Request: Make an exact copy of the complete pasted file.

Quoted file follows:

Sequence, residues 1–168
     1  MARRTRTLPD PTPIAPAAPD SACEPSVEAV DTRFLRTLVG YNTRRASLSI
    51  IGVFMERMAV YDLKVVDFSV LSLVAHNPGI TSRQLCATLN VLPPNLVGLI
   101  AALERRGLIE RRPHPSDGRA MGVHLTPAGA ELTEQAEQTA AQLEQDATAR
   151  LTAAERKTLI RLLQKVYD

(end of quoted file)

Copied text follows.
Sequence, residues 1–168
     1  MARRTRTLPD PTPIAPAAPD SACEPSVEAV DTRFLRTLVG YNTRRASLSI
    51  IGVFMERMAV YDLKVVDFSV LSLVAHNPGI TSRQLCATLN VLPPNLVGLI
   101  AALERRGLIE RRPHPSDGRA MGVHLTPAGA ELTEQAEQTA AQLEQDATAR
   151  LTAAERKTLI RLLQKVYD